It was as good a time as any to make an announcement. “I’m thinking of making it official with Dix,” Brisco said, apropos of nothing.
Bowler raised an eyebrow, gulping down a mouthful of beer. “Brisco, after the kinda day I’ve had I’m not in a kidding mood.”
“Hey, I told you I’d tell you after I told Comet. The two of us spent the whole ride up arguing about cuts and clarity. That horse spent one week in the jewelry district and now he thinks he knows everything.”
“You’re really gonna pop the question?” Bowler grinned, slapped Brisco on the back. “I’d better be the best man.”
Brisco’s eyes widened for a moment. “The position may already be filled. Now Bowler, don’t be jealous…”
“Huh? Who’s closer to you than me? Who’s stuck by you through thick and thin?” He glanced over his shoulder. “You don’t mean…oh, Brisco!”
“You know how jealous Comet gets! If I don’t put him in the wedding he’ll throw a tantrum.”
“Thrown over for a horse,” growled Bowler.
Brisco held out his palm, begging for peace. “Now, don’t worry about it – we’ll figure something out. I need to stop putting my horses in front of the cart - heck, I don’t even know if Dix will say yes.”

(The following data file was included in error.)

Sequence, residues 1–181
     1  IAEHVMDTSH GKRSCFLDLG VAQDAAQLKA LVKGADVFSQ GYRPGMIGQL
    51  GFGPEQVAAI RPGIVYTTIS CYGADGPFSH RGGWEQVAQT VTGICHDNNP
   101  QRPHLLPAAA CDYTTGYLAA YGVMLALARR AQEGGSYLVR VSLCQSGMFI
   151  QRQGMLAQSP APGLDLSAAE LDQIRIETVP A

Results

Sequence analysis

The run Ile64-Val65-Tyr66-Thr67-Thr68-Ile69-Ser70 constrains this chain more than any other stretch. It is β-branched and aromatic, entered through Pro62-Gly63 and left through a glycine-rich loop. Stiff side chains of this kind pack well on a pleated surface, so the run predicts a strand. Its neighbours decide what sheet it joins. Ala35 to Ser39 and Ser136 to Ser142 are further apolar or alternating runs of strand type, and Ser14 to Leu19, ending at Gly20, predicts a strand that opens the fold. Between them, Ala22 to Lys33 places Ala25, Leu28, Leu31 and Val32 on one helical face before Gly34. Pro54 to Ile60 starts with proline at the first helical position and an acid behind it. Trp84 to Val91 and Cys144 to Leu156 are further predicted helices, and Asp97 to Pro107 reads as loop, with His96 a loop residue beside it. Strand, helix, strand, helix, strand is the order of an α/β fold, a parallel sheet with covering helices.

“Heh. Brisco, that lady’s so far over the moon for you she’ll probably propose to you if you don’t get to it first.”
Brisco smiled shyly. “She’s a really special girl, Bowler – she deserves the best.”
“Then go get it for her.” He rubbed his belly. “Damn, now all I want is a nice, long nap.”
Brisco grinned. “It’s ten miles back to San Francisco. Sleep now, or you’ll be napping in your saddle.”
“Oh, it’s too much money for a room,” he complained. “We’ll ride back home. But you’re gonna be the one dealing with Wickwire. I’m gonna head home and catch forty winks.” He tilted his hat over his eyes and rested against the velvet-covered chair as they waited for their bill.
Brisco, too, leaned back to rest for a bit. “Bowler, you’re my best friend. You know that, don’t you?”